Beauty is easier quantify, but more difficult to judge when you have cars that are so similar.  The maroon color of the red robin is so dark that combined with the liveresque shape of the GT6 it almost looks like something you pull from the guts of a turkey on thanksgiving morning before roasting it.  White on the other hand...it would look great with a racing stripe, a few numbers or some "Fred's Towing and Bait Shop" decals, but as is it looks like a fleet car for a local city entity.  You could stick a round City of Van Nuys decal on the side and never get another parking ticket in The Valley.  Beauty goes to the red robin, because red is a color, white is base coat.


The word righteous comes from ye old English rihtwīs, which mean right & wise.  The modern definition puts a religious and moral spin in it, but in this case we need only to look at the routing of wires/cables under the hoods of the two cars, for as it is written in the Book of Lucas, Chapter 2, verses 19-22;

He whoeth shall route thy wires cleanly under thy hood shall be the righteous man,
and his maiden shall wear shoes suitable for pushing a stalled automobile.
The prize for righteousness goes to the red robin for tidy spark plug wiring.


Value is a very subjective term, but it could be considered a summation of all the previous points, and the red robin has so far beaten the white knight on 3 of 4 points.  To add insult to injury the current bidding price on the white knight is also slightly higher (albeit, with fewer days remaining), but the red robin has an unknown reserve...and for this reason, the value award goes to the white knight.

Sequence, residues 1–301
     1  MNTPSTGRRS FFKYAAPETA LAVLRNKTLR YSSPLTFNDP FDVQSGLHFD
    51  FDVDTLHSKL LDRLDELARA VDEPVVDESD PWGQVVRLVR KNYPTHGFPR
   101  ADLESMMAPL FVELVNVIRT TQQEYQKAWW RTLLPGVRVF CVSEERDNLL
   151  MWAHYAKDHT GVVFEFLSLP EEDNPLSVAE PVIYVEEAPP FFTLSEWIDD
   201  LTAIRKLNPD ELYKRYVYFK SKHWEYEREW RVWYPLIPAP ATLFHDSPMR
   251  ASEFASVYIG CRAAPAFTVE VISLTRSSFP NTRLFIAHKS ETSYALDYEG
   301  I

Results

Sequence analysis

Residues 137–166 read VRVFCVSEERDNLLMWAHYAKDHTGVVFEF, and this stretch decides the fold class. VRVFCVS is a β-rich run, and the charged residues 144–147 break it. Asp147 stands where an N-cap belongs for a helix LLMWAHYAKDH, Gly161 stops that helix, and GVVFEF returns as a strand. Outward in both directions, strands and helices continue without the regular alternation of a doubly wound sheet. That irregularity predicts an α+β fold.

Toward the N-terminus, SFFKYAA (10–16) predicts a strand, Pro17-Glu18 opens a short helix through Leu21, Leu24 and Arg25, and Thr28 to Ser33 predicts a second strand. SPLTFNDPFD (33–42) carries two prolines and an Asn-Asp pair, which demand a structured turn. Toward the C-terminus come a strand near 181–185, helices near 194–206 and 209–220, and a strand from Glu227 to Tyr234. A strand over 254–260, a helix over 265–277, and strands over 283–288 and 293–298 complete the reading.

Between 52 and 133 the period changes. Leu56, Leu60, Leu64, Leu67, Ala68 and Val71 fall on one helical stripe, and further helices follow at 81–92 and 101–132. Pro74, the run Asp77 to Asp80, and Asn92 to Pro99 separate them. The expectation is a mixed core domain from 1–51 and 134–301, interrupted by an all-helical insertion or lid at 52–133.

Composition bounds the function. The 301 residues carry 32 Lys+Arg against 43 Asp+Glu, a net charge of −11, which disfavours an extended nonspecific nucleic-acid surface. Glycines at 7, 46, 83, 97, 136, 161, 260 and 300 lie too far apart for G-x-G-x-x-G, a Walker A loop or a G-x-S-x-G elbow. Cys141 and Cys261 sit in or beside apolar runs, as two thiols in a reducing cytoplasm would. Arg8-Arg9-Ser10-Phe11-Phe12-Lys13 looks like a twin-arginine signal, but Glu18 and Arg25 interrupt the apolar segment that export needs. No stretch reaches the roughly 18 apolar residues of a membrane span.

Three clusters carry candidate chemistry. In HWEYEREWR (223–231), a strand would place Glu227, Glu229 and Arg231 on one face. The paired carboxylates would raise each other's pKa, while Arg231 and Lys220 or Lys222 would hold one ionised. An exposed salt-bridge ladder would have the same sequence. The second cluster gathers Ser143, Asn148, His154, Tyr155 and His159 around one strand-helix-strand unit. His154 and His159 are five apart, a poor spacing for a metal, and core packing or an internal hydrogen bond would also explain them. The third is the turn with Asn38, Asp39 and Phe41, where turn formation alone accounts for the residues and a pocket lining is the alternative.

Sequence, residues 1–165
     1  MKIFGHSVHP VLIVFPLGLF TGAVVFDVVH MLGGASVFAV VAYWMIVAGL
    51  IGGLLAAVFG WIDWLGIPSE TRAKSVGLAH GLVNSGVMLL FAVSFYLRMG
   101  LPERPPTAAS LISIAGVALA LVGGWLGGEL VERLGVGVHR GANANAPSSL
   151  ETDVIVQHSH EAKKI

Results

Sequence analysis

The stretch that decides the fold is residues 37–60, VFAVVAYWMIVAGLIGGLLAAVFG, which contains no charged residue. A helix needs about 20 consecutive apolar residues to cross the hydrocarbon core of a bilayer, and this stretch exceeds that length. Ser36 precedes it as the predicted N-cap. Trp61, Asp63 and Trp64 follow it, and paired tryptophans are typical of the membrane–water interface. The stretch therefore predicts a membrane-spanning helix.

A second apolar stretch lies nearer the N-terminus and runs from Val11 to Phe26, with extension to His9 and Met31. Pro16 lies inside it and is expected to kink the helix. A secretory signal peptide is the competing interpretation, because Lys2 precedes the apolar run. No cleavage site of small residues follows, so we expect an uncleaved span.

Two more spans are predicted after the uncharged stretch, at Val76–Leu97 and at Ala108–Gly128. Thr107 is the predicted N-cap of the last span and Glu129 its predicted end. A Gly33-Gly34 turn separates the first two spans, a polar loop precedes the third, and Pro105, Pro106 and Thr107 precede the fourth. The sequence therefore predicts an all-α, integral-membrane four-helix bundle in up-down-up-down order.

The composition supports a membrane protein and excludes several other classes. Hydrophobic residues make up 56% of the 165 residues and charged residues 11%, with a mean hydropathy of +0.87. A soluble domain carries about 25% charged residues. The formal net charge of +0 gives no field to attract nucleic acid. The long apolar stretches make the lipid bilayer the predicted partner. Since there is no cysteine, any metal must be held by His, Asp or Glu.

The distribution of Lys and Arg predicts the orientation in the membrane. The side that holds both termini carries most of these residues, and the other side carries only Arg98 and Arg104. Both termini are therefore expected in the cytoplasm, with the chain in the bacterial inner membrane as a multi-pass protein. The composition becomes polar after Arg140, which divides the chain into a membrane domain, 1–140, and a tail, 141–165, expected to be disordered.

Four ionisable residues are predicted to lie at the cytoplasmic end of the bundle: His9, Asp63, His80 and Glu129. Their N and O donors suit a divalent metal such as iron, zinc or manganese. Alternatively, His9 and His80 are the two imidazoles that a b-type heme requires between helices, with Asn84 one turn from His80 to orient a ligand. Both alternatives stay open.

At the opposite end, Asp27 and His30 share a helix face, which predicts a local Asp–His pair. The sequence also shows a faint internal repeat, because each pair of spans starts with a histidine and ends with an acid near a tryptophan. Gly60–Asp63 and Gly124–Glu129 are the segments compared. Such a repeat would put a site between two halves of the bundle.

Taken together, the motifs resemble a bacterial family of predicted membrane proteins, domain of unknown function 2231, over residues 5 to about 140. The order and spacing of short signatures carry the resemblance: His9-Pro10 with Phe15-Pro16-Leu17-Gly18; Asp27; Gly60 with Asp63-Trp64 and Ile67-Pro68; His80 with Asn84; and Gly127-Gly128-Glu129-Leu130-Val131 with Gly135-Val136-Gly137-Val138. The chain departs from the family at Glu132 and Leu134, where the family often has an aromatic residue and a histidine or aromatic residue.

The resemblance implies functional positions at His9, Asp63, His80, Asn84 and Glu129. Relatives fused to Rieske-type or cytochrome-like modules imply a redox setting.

In conclusion, we have created a critical analysis of these two GT6's instead of our regular analysis that just criticizes.  Final score; red robin 3 vs white knight 2.


  1. Desneux (vendor of the maroon one) is in Peculiar, not Particular, MO. Somehow that doesn't sound any better.

    Have always liked the look of these (although I prefer the small-taillight Mk I), but when you stand over the car, you realize how small the cabin is.

    I'm guessing when someone realizes their car was featured on DT they may actually start populating their new business's website with actual information, rather than placeholder text such as "This is where the information of the car goes."

    1. ANCMatt- fixed the typo, thanks for the catch. I find it particularly peculiar that I can proof-read pages of drafts and miss small things like that.
      EIC Vince

  2. Two cars covered in 1/2 the time, with twice the content. That's what gets me here every morning. You had me and Peculiar Exotics lost me, with the kidney-colored turkey guts of the maroon car! Still lots of parts left to get/install in the interior and under the bonnet on the kidney car.

  3. Yes. It's true. As I talk about in my book, I owned a '73 GT6+. It was 1976, when the car was only three years old. And even then, it was a living rolling testament to the fact that every Lucas joke you've ever heard is true. It also proved the theory that the British used up all their good steel in the war and were recycling Spitfires into, uh, Spitfires. The GT6 in particular suffered from the fact that it had that pretty beefy 2.0L six combined with running gear from a Spit, so everything south of the engine -- transmission, differential, universals, half-axles -- would get twisted into pretzels and pounded into corn flakes. Plus, the handling was homicidal. In an attempt to squelch their desire to swap ends, they went from a single leaf spring and a solid rear axle, to a single leaf spring and swing axles, to two leaf springs and swing axles (which is what these MKIIIs should have). Still, they do look a bit like little E Types, they were legitimate chick magnets in the 70s, and that baby six made it move out pretty quick, particularly in second gear.